Wildflower of the Week: Red campion.

It’s impossible to miss the tall clumps of pink-red flowers of red campion that are growing in profusion in hedgerows and woods at the moment and will continue to do so until August and well into Autumn and Winter if the weather is mild. This relative of the carnation is a short-lived perennial that produces copious seed that enables it to spread rapidly , especially in fertile soils.

The plant grows up to a metre tall, though usually 30-60cm high. with leaves and stems covered in softly downy hairs. The leaves are pointed oval in shape, carried in pairs on the stems.

The flowers carried in small groups at the end of the stems. Each has five petals and each petal has a central cleft. the calyx immediately behind the flower is dark red/brown and hairy. The plant is dioecious, that is a single plant carries flowers with either female or male parts, not both as in most flower species. On the female plants the calyx develops into a vase-shaped seed capsule full of tiny black seeds. The female flower produces a sticky substance that causes pollen from visiting insects to stick. The Latin name for the campion family, Silene, may come from the woodland god Silenus or from the word for saliva.

The red campion hybridises freely with the closely related white campion with resulting flowers in a wide range of shades of pink. Though I’ve never noticed this, you may come across flowers with a darker centre. This is caused by a fungal disease known as anther smut, producing dark spores on the reproductive parts of the plant

The plant is sometimes called the Adder Flower from it’s use in folk medicine to treat snakebites (though personally if I was in this situation I would prefer to seek professional medical advice immediately rather than take my chances with the plant!) The roots of plants in the campion family can be used to prepare a soap substitute, though the red campion is less known for this than it’s close relative, soapwort. The 16th Century herbalist, John Gerard said that the hairy stems could be used to make candle wicks. A century later, Nicholas Culpepper described a number of medical uses including the treatment of kidney stones and internal bleeding as well as to “helpeth those that are stung by scorpions or other venomous beasts”.

Another country name is Batchelor’s Buttons as unmarried young men would wear the flower in a buttonhole..

Red campion certainly provides a welcome splash of colour in late spring and throughout the summer.

As always, please remember these guidelines.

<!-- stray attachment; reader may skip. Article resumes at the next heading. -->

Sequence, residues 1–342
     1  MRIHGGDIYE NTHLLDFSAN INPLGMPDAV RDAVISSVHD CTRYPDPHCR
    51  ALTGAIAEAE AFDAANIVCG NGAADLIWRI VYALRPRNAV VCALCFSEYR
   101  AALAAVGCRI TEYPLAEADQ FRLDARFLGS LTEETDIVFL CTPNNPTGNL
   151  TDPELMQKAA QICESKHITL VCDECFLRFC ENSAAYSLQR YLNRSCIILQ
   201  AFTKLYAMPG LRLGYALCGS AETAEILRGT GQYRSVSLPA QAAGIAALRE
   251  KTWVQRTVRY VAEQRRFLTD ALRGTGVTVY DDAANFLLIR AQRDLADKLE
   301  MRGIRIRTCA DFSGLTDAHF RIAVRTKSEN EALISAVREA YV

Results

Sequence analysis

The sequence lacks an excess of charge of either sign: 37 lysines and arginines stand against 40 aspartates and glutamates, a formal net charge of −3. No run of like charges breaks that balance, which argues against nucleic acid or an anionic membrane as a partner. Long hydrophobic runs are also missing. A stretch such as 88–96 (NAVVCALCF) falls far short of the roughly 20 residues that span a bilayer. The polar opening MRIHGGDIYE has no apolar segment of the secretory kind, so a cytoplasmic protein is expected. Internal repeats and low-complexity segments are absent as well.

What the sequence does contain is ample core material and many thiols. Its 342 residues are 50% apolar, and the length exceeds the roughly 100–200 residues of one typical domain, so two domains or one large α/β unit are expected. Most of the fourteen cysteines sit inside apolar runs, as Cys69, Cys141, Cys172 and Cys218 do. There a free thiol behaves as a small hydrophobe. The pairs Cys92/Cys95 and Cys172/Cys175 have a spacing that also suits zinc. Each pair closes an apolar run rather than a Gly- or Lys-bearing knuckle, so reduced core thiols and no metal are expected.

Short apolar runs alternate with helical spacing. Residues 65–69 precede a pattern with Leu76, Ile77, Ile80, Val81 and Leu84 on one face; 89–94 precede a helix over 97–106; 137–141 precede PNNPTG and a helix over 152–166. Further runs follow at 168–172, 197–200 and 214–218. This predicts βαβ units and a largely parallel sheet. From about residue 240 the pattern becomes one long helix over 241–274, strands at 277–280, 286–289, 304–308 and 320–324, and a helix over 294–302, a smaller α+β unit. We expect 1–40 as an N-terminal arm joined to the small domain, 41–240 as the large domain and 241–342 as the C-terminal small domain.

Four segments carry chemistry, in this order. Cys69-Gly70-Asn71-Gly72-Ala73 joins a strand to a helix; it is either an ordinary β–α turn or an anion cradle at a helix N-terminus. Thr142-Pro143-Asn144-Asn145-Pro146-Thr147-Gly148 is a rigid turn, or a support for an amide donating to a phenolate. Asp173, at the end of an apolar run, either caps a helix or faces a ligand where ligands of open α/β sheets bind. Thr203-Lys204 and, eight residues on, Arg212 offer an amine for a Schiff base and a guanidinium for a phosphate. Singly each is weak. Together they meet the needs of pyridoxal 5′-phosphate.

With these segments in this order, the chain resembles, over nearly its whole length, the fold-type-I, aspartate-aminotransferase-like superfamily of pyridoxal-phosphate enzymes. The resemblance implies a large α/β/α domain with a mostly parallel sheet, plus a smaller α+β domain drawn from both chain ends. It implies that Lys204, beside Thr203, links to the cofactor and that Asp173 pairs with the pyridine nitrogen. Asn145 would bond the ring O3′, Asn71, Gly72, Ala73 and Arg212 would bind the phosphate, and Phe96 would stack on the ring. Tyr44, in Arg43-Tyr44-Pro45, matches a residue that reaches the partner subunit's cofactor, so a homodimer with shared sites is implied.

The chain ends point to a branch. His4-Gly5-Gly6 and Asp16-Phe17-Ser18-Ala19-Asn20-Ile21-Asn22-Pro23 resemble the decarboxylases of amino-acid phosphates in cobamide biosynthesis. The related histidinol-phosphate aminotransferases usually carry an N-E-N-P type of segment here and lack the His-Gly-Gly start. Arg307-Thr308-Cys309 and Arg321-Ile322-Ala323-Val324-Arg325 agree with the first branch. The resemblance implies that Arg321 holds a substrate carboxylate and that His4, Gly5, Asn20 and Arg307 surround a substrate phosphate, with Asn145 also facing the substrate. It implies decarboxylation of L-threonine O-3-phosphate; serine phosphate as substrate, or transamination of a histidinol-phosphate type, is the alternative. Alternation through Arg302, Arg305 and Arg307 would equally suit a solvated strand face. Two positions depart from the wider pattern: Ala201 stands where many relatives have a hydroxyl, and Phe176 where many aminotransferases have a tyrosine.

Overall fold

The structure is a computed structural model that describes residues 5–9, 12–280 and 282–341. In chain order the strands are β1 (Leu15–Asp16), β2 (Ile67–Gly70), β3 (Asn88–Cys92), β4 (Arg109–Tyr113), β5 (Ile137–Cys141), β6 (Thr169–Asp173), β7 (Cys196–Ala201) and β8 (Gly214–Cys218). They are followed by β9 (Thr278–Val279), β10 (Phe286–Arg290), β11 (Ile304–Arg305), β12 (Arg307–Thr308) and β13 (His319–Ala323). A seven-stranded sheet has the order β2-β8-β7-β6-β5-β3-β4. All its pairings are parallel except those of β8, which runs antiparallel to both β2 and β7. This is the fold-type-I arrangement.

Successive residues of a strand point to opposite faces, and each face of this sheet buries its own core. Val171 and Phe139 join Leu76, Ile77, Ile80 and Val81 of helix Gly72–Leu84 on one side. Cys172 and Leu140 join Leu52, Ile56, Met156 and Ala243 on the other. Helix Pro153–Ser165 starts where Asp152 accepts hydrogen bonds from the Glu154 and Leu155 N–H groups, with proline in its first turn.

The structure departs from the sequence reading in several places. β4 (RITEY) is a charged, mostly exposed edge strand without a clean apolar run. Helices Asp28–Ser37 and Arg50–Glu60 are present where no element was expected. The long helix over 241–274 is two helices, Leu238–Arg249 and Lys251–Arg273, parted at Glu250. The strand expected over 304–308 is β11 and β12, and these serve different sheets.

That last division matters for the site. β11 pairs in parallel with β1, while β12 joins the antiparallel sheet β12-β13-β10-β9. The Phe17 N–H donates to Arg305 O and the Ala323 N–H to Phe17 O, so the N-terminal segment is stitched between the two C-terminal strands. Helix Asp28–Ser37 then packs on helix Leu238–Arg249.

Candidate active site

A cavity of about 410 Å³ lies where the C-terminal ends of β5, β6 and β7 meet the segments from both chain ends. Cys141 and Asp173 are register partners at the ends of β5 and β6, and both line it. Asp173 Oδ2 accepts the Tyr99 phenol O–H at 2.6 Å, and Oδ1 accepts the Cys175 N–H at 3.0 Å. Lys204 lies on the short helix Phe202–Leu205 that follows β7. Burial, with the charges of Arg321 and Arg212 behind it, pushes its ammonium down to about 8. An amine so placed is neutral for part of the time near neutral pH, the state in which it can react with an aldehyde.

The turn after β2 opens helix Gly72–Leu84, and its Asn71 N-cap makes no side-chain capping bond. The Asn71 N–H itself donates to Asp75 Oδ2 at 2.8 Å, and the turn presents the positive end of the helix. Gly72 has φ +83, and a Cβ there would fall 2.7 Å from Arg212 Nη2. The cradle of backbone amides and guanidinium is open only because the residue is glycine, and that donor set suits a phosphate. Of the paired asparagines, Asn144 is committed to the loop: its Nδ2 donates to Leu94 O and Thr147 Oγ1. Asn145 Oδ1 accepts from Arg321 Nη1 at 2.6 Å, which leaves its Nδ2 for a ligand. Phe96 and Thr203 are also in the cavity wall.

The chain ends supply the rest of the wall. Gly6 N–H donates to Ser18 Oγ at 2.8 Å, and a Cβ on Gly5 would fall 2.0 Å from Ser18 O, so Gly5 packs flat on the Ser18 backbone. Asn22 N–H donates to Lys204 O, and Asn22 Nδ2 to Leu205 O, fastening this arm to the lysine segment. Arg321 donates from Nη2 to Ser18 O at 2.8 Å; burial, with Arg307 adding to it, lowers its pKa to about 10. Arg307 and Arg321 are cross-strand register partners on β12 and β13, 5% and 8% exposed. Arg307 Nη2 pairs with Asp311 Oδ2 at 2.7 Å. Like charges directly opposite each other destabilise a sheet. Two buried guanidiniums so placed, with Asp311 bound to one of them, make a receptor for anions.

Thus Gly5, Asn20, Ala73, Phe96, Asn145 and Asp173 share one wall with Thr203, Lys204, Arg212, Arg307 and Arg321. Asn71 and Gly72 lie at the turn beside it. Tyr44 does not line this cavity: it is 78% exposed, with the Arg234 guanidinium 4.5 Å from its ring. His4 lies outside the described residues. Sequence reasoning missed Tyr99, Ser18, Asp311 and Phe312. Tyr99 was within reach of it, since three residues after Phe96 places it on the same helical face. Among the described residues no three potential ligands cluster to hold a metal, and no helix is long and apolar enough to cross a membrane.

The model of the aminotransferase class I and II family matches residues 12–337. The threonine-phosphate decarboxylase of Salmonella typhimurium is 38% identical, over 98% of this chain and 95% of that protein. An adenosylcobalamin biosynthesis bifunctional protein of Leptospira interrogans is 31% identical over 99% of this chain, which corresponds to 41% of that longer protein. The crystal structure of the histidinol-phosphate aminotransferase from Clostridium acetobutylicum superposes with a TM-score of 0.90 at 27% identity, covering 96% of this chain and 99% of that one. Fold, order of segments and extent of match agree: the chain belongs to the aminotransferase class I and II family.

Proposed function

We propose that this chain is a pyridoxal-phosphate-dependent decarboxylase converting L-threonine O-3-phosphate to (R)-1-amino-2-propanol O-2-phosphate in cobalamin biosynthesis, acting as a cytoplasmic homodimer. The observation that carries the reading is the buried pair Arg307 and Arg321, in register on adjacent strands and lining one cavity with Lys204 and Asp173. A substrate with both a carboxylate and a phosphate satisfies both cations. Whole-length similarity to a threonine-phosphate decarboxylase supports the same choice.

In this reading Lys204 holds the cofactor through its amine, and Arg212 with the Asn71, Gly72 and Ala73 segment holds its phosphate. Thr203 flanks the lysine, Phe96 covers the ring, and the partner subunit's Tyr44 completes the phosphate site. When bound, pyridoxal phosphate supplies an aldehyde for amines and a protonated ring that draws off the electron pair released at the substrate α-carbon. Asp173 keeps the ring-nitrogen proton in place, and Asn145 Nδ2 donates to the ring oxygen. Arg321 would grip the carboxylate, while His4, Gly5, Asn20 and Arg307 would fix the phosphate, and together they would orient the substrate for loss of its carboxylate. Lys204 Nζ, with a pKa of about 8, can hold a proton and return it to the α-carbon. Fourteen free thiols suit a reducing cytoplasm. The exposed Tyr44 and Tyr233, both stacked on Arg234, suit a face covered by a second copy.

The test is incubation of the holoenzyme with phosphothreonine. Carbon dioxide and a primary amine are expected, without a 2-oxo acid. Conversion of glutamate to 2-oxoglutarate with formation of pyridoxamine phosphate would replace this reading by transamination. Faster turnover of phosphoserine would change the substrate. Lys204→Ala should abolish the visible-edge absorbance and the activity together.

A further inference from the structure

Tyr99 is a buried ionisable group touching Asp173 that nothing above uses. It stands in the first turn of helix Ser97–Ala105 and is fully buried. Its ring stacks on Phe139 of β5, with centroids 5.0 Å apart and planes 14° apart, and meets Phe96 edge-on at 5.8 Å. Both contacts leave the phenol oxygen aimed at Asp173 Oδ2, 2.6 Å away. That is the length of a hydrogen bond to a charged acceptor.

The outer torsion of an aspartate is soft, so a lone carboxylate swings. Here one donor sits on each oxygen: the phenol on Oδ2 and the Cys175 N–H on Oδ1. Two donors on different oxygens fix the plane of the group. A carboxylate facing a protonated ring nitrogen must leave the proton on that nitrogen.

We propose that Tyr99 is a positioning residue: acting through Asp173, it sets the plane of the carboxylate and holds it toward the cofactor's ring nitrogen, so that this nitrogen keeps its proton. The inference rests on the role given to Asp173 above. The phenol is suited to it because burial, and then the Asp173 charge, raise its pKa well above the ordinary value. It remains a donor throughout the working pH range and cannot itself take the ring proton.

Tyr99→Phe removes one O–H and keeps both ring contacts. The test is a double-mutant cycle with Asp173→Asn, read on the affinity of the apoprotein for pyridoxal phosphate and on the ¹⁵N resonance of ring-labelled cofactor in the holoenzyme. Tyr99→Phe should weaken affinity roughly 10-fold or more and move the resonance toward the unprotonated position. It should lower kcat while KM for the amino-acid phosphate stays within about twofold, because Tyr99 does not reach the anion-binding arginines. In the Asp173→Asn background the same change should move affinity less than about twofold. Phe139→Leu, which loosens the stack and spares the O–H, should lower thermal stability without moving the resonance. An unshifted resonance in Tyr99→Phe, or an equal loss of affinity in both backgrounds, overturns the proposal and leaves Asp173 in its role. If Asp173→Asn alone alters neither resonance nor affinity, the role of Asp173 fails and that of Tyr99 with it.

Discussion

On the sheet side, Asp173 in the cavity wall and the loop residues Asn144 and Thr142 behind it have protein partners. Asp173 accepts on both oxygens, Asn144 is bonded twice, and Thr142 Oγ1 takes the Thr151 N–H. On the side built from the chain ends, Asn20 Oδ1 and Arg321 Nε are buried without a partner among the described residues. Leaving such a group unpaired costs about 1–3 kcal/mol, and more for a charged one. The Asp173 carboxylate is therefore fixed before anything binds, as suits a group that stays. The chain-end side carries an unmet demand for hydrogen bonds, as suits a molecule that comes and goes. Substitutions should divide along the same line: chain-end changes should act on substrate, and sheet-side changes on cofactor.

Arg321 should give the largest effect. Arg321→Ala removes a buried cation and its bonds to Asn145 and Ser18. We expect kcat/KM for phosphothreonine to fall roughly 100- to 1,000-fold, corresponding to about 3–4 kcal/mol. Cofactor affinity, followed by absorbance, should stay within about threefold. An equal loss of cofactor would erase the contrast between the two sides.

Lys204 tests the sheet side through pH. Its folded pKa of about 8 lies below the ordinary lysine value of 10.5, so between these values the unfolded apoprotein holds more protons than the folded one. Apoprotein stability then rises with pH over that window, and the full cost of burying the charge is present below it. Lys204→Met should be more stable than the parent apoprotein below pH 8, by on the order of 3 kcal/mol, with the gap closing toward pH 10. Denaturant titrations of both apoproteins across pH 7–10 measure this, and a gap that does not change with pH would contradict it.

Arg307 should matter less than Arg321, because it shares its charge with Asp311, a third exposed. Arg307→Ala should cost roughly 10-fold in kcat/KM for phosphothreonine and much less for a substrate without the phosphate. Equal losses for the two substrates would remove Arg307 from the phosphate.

• Don’t touch or pick any plant unless you are ABSOLUTELY CERTAIN that it is safe to use, and not poisonous.
  • Don’t pick anything unless it is abundant
  • Only pick small amounts and no more than you need
  • Don’t pick if there is a risk of pesticide/weedkiller or other contamination, including from traffic or other forms of pollution.
  • Always get permission from the landowner.
  • Avoid areas which may be soiled by animals (wild or farm animals or pets)
  • Wash plants thoroughly

Mad Hatter’s Tea Party

Following the success of our socially distant street party to commemorate the anniversary of VE Day, we decided to hold another one for the bank holiday yesterday. This time we had a Mad Hatter theme.

First of all I baked: cheese scones, banana loaf and some jam tarts (like the Queen of Hearts)….I made some cucumber sandwiches too.

Next, I painted some posters of characters from Alice in Wonderland and printed off some giant playing cards (thank you Google Images) to decorate the front of the house.

All served up with Pimms from a teapot and beer! The sun shone and what a lovely afternoon it was!

Wildflower of the Week: Cow Parsley

From April to June our hedgerows, road verges and meadows are filled with the frothy white flowers of cow parsley. It is the earliest to flower and one of the most common of a large plant family, the umbellifers, which all have similar shaped flower clusters or umbels, made up of tiny individual flowers on stems radiating from a single point in a sort of umbrella shape. The family includes several food plants and culinary herbs, including carrot, celery and and parsley, but also some extremely poisonous species such as hemlock and fools parsley and also hogweed which has a highly irritant sap that can cause quite severe burns.

The flowers are carried on metre high hollow stems. As they appear quite early in the year, they are are a great food source of both pollen and nectar for insects.

The leaves are arranged alternately along the stems and are fern-like: triangular and finally divided. When crushed they smell of aniseed.

Cow parsley spreads rapidly, producing large quantities of seed and also though spreading rhizomes. It is on the increase in the UK. Like the nettle, it enjoys fertile soil and increased agricultural fertiliser use has benefited it. This may be to the detriment of smaller plants that become smothered out by the taller cow parsley. It is considered an invasive species in parts of the US.

The plant has a variety of old names. including hedge parsley, wild chervil, keck, lady’s lace and Queen Anne’s lace. In some parts of the UK it has the rather gruesome name of mother die or mummy die. Children would be told they would lose their mothers if they brought it in the house – to deter them from picking it and the highly poisonous hemlock that it resembles.

Though cow parsley is edible, eating it or using it medicinally is not to be encouraged in case it is mistaken for its deadly relative. It has also been used as a mosquito repellent.

The lacy flowers certainly make very pretty addition to our hedgerows in late spring and early summer.

Wildflower of the week: White Dead-Nettle

Commonly seen on road verges and on disturbed land, the white dead-nettle resembles the stinging nettle, but, as its name suggests, has no sting. It is a short to medium height perennial. The leaves (closely resembling those of its stinging relative) are heavily veined, toothed, slightly hairy and heart-shaped, arranged in pairs on square, often reddish stems.

The flowers form in whorls round the stems immediately above each pair of leaves. They are lipped and white, slightly tinged with green. A rich source of nectar, the flowers are popular with insects, especially bumblebees. The blooms have evolved to be pollinated by the larger bees – only they have a long enough proboscis to reach the base of the flower where the nectar is and they are the perfect size for their backs to brush against the stamens and stigma of the flower, depositing and collecting pollen as they feed. The nectar is protected by a ring of hairs that stop smaller insects crawling inside, though some reach the nectar by cheating: they bite a hole in the base of the flower!

As the flowers die the calyx of each remains, forming a spiky cup that holds the developing seed.